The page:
Gummer's anger at regional fire plans

ONE of East Anglia's longest serving MPs has condemned plans to create a regional fire service control.Suffolk Coastal Conservative John Gummer, a former Environment Secretary, has tabled 12 questions to Deputy Prime Minister John Prescott, asking him to justify his reasons to abolish county response centres in Suffolk, Essex, Hertfordshire, Bedfordshire, Cambridgeshire and Norfolk.

By Graham Dines

ONE of East Anglia's longest serving MPs has condemned plans to create a regional fire service control.

Suffolk Coastal Conservative John Gummer, a former Environment Secretary, has tabled 12 questions to Deputy Prime Minister John Prescott, asking him to justify his reasons to abolish county response centres in Suffolk, Essex, Hertfordshire, Bedfordshire, Cambridgeshire and Norfolk.

The Fire Brigades Union in East Anglia also denounced the plans, claiming they will lead to slower response times and an increased risk to the public.


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"People in Suffolk will feel significantly less safe if they are run by some giant regional authority," said Mr Gummer.

He gave this warning to Suffolk County Council: "I believe this is the moment that county councillors, irrespective of their political connections with the Government, should stand up for the people of Suffolk and loudly object to the plans. If they don't, the electorate of the county will not forgive them.

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"East Anglia is already suffering from a lack of resources because they have been diverted away to urban areas. It doesn't take much working out to predict that under a regional structure, urban areas in the East of England will receive a disproportionate amount of the funding cake."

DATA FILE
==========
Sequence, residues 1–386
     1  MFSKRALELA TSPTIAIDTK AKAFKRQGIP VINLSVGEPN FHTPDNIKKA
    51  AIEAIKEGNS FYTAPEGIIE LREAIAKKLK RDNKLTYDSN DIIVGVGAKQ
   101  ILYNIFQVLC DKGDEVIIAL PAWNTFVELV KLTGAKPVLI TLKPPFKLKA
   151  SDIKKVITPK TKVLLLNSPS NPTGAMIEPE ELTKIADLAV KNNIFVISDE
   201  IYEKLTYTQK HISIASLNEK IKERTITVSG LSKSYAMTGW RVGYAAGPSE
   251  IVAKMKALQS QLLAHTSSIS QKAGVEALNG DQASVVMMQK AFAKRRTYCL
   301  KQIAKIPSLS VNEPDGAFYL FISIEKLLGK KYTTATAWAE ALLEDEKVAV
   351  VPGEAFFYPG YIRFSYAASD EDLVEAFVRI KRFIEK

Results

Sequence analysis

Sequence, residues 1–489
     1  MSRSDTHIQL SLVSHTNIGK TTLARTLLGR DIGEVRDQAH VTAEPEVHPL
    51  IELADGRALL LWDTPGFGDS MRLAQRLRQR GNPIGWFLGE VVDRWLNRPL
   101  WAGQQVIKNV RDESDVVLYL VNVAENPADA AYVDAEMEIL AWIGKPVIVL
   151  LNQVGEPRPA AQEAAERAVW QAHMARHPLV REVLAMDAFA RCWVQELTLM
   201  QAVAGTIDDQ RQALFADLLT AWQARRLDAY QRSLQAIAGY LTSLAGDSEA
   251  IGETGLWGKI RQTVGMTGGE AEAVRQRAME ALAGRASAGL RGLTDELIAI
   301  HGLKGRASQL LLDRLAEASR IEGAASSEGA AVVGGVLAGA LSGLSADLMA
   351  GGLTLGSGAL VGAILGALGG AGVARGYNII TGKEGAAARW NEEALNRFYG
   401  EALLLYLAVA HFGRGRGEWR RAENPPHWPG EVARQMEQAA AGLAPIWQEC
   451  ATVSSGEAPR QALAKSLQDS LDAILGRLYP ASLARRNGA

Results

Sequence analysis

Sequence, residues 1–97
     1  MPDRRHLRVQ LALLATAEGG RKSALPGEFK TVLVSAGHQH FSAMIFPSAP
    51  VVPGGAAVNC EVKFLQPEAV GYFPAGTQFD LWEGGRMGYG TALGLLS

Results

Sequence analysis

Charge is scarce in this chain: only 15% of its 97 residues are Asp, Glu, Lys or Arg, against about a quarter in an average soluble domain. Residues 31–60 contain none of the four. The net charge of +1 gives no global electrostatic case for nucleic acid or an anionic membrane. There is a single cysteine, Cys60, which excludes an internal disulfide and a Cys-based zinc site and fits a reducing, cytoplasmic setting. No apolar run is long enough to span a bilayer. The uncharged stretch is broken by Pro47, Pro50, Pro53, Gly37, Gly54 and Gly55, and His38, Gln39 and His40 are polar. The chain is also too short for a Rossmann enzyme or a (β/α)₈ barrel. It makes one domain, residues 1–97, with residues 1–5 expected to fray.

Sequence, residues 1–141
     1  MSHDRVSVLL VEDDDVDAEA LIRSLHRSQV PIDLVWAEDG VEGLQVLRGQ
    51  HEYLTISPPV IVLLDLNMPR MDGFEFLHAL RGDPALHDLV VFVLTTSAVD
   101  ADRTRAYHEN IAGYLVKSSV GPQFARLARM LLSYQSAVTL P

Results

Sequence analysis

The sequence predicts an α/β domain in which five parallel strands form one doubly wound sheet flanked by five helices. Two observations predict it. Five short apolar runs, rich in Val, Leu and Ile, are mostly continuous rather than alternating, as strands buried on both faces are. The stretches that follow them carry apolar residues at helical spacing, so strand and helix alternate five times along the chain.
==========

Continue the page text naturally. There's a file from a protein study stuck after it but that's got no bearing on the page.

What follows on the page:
He added: "There are some very isolated communities in rural counties. Without local knowledge, there could be desperate problems. I can imagine all sorts of difficulties resulting from calls from any of the South Elmham saints, or Linstead Parva, or Iken, or Monewden."

Mr Gummer predicted that if the plans eventually introduce one regional fire brigade, the next step would be the creation of a single regional police force.

Graham Noakes, regional treasurer of the Fire Brigades Union, feared that the six independent fire and emergency control rooms would eventually be merged despite 'best value' reviews in 2001 recommended they should be kept.

"What's changed now? The fire service has taken on many new roles such as urban search and rescue, mass decontamination, and public safety as well as answering more fire and emergency calls than ever before.

"The recommendations are based purely on an economic argument and have nothing to do with the quality and reliability of locally accountable public services."

Sharon Peverett, the FBU's regional control representative, said: "The proposals will lead to a decline in the speed and quality of an emergency response, with less staff answering more calls. The loss of vital local knowledge undoubtedly will lead to slower response times for fire engines, thus increasing the risk to the public."

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